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Senior Information Specialist, West Central Region
University of Missouri Cooperative Media Group
Published: Friday, June 6, 2008
Marlin Bates, 816-270-2141
BLUE SPRINGS, Mo. - Many gardening difficulties are rooted in substandard soil. The good news is that whether your garden has a nutrient, moisture or aeration problem, you can improve the soil with compost, said a University of Missouri Extension horticulture specialist.
"While it is unlikely that the nutritional requirements of the garden will be satisfied by adding compost, an application can greatly reduce your fertilizer inputs," said Marlin Bates.
Compost improves the texture of heavy clay soils, allowing greater water infiltration and air movement and making the soil easier to work. As organic matter breaks down, nutrients become soluble, making them available to plants when you add finished compost to the soil.
Waste generated from your household and yard will easily provide enough organic matter to warrant composting. Plant materials, including sod, grass clippings, leaves, hay, straw, weeds, sawdust and hedge clippings, are suitable for composting. Household refuse such as newspaper, vegetable scraps and coffee grounds are also good additions. Items you should avoid composting include weeds heavily laden with seeds, diseased plant material, grease, fat, meat scraps and bones.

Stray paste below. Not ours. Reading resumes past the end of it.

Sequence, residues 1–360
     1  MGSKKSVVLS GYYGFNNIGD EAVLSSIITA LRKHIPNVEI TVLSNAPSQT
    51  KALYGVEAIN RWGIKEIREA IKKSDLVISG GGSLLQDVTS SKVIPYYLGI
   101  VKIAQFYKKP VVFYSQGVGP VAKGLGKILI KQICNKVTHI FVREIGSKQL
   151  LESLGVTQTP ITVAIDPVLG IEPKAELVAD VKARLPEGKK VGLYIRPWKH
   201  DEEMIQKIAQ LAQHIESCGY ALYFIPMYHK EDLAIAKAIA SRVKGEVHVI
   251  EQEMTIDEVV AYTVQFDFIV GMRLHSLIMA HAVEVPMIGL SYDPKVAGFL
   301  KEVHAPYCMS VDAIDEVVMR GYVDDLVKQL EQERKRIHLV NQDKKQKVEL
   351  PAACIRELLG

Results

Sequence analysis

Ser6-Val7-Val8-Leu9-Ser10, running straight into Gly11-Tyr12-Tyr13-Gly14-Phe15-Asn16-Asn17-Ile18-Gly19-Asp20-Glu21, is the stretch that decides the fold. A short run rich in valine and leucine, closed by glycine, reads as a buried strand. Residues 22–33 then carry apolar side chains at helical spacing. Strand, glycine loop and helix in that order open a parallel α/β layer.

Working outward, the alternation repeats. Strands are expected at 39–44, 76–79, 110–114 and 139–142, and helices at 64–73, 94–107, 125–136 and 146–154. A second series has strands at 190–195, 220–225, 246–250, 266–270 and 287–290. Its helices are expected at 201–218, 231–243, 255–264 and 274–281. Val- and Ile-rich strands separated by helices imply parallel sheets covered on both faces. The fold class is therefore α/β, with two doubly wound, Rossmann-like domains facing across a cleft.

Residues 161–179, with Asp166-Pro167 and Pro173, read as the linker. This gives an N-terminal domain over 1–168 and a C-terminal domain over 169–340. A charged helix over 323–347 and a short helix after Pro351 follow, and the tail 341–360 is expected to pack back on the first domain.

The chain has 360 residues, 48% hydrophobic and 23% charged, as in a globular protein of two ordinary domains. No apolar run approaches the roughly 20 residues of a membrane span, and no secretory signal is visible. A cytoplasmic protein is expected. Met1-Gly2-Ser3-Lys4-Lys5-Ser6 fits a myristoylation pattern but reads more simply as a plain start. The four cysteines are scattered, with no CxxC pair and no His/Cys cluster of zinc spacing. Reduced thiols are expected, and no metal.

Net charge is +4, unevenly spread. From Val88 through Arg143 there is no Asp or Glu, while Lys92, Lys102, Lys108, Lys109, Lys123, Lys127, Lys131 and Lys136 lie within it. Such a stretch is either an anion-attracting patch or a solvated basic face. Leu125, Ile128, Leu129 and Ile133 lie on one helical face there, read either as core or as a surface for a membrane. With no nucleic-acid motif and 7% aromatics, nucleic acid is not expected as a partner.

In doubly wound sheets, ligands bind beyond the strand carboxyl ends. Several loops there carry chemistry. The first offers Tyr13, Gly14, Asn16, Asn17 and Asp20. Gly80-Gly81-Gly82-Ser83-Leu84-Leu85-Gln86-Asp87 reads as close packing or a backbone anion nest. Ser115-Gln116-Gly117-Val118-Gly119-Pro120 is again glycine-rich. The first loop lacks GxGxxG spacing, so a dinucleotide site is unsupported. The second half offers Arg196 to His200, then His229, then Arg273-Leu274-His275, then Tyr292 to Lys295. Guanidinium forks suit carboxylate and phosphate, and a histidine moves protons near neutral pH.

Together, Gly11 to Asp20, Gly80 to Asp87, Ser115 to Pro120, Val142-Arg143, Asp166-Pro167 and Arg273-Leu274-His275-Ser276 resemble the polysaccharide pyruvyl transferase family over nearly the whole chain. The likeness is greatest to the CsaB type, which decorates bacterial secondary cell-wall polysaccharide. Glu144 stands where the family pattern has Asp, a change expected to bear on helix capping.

Bates recommends placing a compost bin in a shady spot near a water supply. Shade helps the compost retain moisture. Put the bin on a well-drained site near the garden to reduce the distance that you have to transport the finished compost.
Once you select an appropriate site, decide what kind of structure to use, if any at all. You can simply create a heap of compost on the ground without any confinement, though this method is usually more unsightly. This type of compost heap should be at least 5 feet by 5 feet, with a minimum height of 3 feet.
If you are going to use a bin, there are several types that you can buy or make yourself. A bin with removable sides, or only three permanent sides, makes it easier to turn the compost, which speeds up decomposition.
The length of time needed to form compost can range from several weeks to several months. Different sources of composting material decompose at different rates. Grass clippings, for example, decompose more quickly than woody stems. The carbon-to-nitrogen ratio of the plant material also affects the rate of decomposition. Other factors include aeration, moisture and temperature.
Now is the perfect time to start composting. With the organic materials you will accumulate this summer and fall, you should have quality compost to enrich your garden next spring.
An MU Extension guide, "Making and Using Compost" (G6956), is available online at http://extension.missouri.edu/explore/agguides/hort/g06956.htm .
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